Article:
Making the Leap to a Resilient Future: How Technology Can Help Vulnerable Workers

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This article is part of a series in which OECD experts and thought leaders – from around the world and all parts of society – address the COVID-19 crisis, discussing and developing solutions now and for the future. It aims to foster the fruitful exchange of expertise and perspectives across fields to help us rise to this critical challenge. Opinions expressed do not necessarily represent the views of the OECD.

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OECD Tackling coronavirus (COVID‑19) Contributing to a global effort

Around the world nearly every country is grappling with high levels of unemployment. While COVID-19 ignited this crisis, it is part of a larger shift in the workforce that has been happening for some time. Specifically, over the last two decades the world has been transitioning into a digital society. Even before the pandemic, technological unemployment and digital transformation were hot topics.

In the past, this transition was happening slowly, making us think we had more time to plan and prepare. Today, because digital work is more resilient to a pandemic-stricken world, as well as more cost-effective overall, we are forced to make this transition all at once.

How should policymakers respond?

First, it is essential to provide emergency help to workers as well as employers. We should do all that we can to prevent loss of life as well as irreversible financial damages to individuals, businesses and the wider economy. But we can’t stop there – we must also help people make the leap into a digital society for the long term.  

Integrating technological solutions into the workplace

When we think about integrating technology into the workplace, we often think of automating products and services: digital marketplaces that support customers, robots and machines that manufacture goods, data and sensors to manage supply chains, self-driving cars that bring products to customer’s doors. And while all of this is valid, we can also use technology to make workplaces better for people. For example, we can use data and sensors to monitor the health and safety of workplaces: Is the air clean? Is the temperature comfortable? Are workers taking adequate breaks? Are break rooms, bathrooms and common spaces regularly cleaned? Do outdoor workers have access to water, shade and sunscreen? Workplaces today can easily be monitored with low-cost sensors, wearable sensors, cameras and smartphones. Of course, these systems must be designed to protect workers’ rights and privacy, rather than surveille or exploit workers. These technologies can help workers return to the workplace during the pandemic, in a way that is both safer today as well as post-pandemic.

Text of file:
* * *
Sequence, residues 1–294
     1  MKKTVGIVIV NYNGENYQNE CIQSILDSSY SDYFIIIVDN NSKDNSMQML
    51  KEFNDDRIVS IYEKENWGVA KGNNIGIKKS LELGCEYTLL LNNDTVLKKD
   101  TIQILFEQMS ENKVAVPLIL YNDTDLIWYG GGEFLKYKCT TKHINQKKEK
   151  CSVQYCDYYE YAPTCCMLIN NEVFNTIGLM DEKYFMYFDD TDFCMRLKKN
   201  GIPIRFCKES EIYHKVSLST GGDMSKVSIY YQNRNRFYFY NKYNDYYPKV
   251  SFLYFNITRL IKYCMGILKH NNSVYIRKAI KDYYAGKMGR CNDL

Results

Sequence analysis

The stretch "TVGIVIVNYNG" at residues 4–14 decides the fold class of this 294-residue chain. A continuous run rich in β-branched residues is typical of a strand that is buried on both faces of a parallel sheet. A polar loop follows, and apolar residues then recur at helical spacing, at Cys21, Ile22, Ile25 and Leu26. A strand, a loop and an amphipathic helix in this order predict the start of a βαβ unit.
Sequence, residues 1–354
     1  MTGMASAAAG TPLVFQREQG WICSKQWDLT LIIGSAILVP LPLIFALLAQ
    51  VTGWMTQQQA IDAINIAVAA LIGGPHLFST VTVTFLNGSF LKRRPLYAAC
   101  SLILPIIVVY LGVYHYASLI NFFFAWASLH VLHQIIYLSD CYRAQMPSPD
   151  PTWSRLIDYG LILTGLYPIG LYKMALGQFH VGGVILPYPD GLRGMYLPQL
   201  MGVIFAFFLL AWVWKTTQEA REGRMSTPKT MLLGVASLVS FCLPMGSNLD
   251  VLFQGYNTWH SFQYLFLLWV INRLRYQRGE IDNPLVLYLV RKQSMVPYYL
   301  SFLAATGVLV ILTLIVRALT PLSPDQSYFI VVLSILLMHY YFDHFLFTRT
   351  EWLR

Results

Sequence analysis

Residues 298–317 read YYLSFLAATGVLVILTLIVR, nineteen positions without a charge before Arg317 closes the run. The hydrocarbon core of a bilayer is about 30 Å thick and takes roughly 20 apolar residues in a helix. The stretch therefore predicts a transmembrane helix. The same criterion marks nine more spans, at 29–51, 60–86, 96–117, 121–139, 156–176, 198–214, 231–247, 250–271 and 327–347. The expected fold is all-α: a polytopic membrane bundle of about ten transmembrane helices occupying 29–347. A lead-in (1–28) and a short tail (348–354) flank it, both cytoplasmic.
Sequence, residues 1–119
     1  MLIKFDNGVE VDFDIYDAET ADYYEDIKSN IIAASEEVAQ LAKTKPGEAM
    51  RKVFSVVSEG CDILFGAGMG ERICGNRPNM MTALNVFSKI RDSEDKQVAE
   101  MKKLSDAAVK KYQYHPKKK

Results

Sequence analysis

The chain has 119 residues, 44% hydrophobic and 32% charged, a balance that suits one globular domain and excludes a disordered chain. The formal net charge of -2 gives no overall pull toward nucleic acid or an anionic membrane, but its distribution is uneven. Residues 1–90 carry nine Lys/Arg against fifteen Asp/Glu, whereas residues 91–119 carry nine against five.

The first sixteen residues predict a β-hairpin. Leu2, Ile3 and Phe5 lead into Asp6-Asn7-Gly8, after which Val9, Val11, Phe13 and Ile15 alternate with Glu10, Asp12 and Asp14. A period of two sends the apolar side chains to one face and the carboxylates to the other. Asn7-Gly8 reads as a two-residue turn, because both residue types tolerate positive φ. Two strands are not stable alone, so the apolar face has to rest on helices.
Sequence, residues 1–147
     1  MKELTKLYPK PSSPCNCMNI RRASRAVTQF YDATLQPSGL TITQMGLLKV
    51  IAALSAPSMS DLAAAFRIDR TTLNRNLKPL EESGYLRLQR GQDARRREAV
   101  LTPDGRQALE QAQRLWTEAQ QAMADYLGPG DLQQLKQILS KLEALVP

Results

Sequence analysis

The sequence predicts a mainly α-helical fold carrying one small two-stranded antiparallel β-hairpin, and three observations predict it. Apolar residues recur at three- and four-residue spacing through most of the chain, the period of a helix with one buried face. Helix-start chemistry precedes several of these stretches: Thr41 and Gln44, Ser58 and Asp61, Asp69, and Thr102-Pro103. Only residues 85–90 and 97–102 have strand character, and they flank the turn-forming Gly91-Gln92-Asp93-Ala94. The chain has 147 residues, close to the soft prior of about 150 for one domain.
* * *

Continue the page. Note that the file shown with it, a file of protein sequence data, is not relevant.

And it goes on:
The value of connectivity: How COVID-19 turned us into digital societies by Enrique Medina Malo, Chief Policy Officer, Telefónica

The value of connectivity: How COVID-19 turned us into digital societies by Enrique Medina Malo, Chief Policy Officer, Telefónica
Image: Telefónica

Upskilling workers

If workers cannot physically come into the workplace, employers can still use this time to provide valuable training for workers (ideally while paying them.) This can also support a company’s efforts in reinventing itself for a digital age. For example, as more and more companies turn to robots and machines to make clothing, workers with knitting and weaving experiences can shift into jobs creating hi-tech medical devices; in Bolivia, indigenous workers are now knitting medical devices that help children born with holes in their hearts. NewHarvest, a nonprofit that works to accelerate breakthroughs in cellular agriculture – a new industry that will revolutionise meat and agriculture – offered a series of openaccess online courses in June. For companies hoping to teach their employees about innovation, they might join up with Global Startup Ecosystem, a company founded by Christine Souffrant Ntim and Einstein Kofi Ntim, two Singularity University alumni. They launched the world’s first digital accelerator and now work with hundreds of thousands of innovators across the Caribbean, Middle East and Africa. There has been no better time in history for both workers and employers to find free or affordable access to training.